The truths I ignore

I had an appointment with my surgeon today. I need to have my rectum and some colon removed. It no longer has function and I essentially have a mast cell twist on diversion colitis. This has been coming for a while.

We talked about what the surgery entailed, healing time, mast cell precautions and how to suppress anaphylaxis in the days after the operation. Never once did he remind me that removing this tissue means that I will never be able to reverse my ostomy. He knew I knew. I was glad he didn’t say it.

“I would never reverse my ostomy,” I told his Chief Resident during the appointment. And that’s true. I never would. I would never want to again be in the position I was before I got it, where my life was one long GI nightmare of amotility.

I am not often surprised by my doctors, but today was one of those rare occasions. Everything that needs to be done can’t be done at once without the likelihood of complications. This means I will get the majority done during one surgery, after which I will be in the hospital for about a week, and will recover at home for 4-6 weeks. Then I will likely need a second surgery.

We set a rough date, agreed to meet again three weeks before surgery to go over everything again, and I left. I hurried down the hall past the brown wooden doors and turned quickly into a single stall bathroom. I locked the door and put my hands over my face just as the tears started, hot against my reddening cheeks.

I would never reverse my ostomy because I would not be able to function without it. I mean it every time I say it. But knowing logically that there is no reason to keep the rectum and excluded colon doesn’t make me feel less robbed. It was easy to pretend that I wouldn’t always need it, even if I only pretended with myself.  I just slammed the door on my last tiny chance at normalcy.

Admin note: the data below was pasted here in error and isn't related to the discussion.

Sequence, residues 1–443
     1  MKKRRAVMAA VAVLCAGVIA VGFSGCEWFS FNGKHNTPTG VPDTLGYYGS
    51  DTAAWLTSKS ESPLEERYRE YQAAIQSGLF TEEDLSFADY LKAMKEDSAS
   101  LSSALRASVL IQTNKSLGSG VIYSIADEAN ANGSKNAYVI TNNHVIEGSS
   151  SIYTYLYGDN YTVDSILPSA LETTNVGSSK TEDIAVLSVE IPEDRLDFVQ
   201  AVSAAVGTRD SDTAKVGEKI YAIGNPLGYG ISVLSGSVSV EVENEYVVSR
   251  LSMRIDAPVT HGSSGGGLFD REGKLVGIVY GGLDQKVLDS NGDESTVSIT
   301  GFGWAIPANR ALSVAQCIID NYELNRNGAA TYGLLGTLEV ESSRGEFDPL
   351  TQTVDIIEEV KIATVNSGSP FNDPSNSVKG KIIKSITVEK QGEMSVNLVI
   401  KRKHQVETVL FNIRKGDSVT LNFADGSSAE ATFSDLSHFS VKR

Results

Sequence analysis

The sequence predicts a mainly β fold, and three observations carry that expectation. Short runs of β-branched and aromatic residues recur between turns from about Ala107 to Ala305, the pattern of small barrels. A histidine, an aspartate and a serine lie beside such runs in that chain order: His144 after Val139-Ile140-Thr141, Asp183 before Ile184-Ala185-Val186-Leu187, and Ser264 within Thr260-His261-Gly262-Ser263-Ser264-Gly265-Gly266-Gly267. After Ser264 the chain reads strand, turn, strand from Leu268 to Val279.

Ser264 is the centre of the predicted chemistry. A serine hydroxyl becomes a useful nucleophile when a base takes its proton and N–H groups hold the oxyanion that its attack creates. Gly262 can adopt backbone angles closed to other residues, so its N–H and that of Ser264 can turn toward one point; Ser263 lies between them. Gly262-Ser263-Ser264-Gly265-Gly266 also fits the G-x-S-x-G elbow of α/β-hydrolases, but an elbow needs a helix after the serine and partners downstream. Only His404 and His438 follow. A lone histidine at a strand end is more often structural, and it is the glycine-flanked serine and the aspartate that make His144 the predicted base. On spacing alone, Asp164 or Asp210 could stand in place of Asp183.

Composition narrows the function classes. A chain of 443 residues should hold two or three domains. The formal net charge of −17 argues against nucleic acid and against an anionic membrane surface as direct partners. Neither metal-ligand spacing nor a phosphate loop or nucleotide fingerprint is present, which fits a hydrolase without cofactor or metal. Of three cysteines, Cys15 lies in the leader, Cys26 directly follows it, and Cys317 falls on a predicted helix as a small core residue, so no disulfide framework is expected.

The reality of having an ostomy for the rest of my life is something I have avoided dealing with emotionally for quite some time.  I talk about it a lot, without embarrassment, but it sort of feels like I’m just trying to make myself feel better about this decision two years later.

There are some truths I have to ignore to survive. I have to mislead myself to be able to love the world again every morning.


6 Responses

  1. k January 16, 2015 / 1:41 am

    Hey Lisa,

    I just read your story here. My heart goes out to you (whatever that means…its the only way I know how to express it I guess).

    You must feel scared and grieving a loss takes time. This is loss, no doubt about it but you have a strength about you that comes through your story.

    Knowing how to make ourselves feel better is a way of surviving I think. I think often we do have to pretend for a little while until the pretending starts to feel more real and natural and accepting.

    I wish you didn’t have to go through this…I really do…

    Thank you for sharing and being open and honest. It is so hard for some people to be honest and it means a lot to hear a real honest story, not something pretentious on social media…

    Thank you….thank you

    I would love to chat with you if you would like a friend to talk with

    • Lisa Klimas January 16, 2015 / 11:07 pm

      Thank you, I appreciate your kind words. I can use all the friends I can get. Feel free to find me on Facebook in the MastAttack group.

  2. Pam January 16, 2015 / 7:03 am